I'm posting this from the Metro Blue Line, returning home from Long Beach. (Currently passing through 103rd/Kenneth Hahn station.) I've noticed something about the stations on the Blue Line. There are, as far as I can tell, three named stations on the line: Pico-Chick Hearn, 103rd-Kenneth Hahn, and Imperial/Wilmington- Rosa Parks. Now, at 103rd and Pico, you'll see the dedications appear prominently on all station signage. Anywhere you see the name of the station, you see that dedication. This is NOT, however, the case at Imperial/Wilmington- Rosa Parks. The automated announcements clearly refer to the station as "Rosa Parks", and there is a plaque there commemorating the civil rights activist, but the station signage lacks her name.
Why is this? Why do Mr's. Hahn and Hearn get their names on the signs, when Ms. Parks does not?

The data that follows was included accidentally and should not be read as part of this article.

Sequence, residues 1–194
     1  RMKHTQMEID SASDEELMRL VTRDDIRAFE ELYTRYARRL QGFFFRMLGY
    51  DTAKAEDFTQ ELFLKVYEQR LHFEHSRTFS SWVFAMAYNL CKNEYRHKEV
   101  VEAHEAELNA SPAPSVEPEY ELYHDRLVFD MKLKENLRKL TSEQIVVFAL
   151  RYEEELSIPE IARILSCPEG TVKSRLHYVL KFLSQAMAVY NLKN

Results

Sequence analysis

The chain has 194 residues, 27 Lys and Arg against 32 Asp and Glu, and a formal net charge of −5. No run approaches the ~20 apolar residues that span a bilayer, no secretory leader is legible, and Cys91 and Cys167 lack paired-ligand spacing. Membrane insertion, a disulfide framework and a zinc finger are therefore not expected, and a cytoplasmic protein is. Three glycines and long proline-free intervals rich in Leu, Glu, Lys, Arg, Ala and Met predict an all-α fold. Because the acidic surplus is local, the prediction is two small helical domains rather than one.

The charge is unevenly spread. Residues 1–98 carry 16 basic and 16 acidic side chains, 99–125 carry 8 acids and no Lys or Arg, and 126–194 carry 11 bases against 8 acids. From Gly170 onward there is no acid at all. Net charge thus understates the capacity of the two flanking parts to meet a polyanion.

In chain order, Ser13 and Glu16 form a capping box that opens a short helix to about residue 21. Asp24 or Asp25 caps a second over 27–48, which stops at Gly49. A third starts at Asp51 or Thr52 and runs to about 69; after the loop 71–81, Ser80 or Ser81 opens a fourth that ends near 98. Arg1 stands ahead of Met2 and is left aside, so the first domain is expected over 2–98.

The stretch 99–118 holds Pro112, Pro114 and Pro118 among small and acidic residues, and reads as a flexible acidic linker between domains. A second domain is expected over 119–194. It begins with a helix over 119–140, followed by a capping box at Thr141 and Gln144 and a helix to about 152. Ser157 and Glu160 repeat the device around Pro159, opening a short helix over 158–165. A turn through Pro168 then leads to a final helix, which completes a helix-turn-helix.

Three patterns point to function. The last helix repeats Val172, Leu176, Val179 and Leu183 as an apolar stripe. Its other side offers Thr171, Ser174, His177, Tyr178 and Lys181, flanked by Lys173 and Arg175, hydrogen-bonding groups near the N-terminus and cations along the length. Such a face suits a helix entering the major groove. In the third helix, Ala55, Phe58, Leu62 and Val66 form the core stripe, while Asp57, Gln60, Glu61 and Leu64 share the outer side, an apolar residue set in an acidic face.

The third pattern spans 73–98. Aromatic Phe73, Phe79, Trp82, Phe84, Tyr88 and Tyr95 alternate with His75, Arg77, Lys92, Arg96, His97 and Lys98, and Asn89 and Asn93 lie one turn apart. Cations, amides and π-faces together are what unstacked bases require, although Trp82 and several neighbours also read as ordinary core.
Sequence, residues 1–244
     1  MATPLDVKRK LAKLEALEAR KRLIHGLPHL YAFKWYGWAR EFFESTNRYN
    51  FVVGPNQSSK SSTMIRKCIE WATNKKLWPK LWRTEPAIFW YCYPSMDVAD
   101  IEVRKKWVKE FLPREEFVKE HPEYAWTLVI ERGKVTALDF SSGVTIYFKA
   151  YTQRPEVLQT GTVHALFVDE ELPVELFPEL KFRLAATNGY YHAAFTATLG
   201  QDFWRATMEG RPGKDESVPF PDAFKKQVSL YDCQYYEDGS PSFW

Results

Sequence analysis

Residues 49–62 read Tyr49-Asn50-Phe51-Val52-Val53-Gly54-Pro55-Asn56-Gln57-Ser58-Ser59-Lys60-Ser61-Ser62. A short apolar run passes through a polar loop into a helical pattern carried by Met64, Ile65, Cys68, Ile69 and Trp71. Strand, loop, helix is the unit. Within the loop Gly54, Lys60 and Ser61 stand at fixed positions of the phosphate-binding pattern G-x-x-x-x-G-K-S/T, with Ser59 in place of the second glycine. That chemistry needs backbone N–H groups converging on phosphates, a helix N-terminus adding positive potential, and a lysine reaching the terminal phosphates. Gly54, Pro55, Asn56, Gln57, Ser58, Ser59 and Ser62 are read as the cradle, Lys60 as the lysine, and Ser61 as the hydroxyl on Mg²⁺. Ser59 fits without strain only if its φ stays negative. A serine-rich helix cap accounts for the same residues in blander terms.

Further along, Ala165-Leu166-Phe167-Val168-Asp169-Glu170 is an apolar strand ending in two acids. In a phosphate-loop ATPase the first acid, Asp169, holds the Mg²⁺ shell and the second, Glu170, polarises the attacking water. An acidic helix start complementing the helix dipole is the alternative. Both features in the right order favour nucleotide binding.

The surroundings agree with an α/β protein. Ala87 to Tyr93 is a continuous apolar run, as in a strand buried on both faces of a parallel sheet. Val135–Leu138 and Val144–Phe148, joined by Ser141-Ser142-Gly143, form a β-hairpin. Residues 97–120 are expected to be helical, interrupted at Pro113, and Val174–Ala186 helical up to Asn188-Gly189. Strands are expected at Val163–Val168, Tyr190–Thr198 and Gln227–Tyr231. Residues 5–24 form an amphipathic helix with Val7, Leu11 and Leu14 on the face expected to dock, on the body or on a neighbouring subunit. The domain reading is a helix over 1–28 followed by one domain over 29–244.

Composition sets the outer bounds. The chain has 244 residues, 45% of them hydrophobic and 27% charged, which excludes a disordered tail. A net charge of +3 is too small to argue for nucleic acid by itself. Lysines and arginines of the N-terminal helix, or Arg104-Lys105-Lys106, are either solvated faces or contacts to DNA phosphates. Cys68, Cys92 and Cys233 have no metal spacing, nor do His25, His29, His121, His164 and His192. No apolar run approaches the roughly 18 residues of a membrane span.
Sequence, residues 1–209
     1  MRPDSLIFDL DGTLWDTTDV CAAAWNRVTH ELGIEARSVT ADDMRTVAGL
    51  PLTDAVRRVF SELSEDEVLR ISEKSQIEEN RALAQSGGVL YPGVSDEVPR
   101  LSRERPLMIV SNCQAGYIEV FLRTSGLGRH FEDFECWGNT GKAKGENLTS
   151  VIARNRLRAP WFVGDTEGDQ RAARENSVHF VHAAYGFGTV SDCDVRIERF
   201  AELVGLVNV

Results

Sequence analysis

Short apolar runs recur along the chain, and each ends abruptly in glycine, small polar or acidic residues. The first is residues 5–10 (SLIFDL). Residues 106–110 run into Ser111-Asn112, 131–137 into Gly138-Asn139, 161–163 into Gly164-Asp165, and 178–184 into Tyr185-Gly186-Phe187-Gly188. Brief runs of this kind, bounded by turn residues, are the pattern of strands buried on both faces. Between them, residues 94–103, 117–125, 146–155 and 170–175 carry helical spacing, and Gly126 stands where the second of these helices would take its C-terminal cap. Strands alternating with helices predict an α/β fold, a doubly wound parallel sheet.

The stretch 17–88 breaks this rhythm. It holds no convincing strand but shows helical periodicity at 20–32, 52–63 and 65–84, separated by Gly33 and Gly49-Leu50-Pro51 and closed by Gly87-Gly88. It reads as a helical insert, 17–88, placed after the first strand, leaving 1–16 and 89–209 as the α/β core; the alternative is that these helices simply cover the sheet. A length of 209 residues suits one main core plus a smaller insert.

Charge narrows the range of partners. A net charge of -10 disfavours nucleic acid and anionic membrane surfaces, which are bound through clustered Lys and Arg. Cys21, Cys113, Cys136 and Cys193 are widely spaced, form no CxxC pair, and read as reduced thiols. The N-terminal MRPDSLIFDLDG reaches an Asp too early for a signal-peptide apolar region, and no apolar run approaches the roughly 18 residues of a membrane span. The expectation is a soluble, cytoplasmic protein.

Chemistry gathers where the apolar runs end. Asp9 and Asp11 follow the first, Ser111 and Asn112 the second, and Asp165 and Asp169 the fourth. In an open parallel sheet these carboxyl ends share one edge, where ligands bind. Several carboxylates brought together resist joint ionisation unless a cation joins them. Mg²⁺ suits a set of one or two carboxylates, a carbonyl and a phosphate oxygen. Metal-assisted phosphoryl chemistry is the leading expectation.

Now, Rosa Parks is a name familiar to any school child, but I had to look up the other two. Kenneth Hahn was a member of the Los Angeles County Board of Supervisors, and an ardent supporter of the 1960's civil rights movement. (Okay, he can get a train station.) Chick Hearn was an especially prolific basketball announcer.
Yes, here in Los Angeles, Metro treats a basketball announcer better than a famous civil rights activist. Something's wrong here.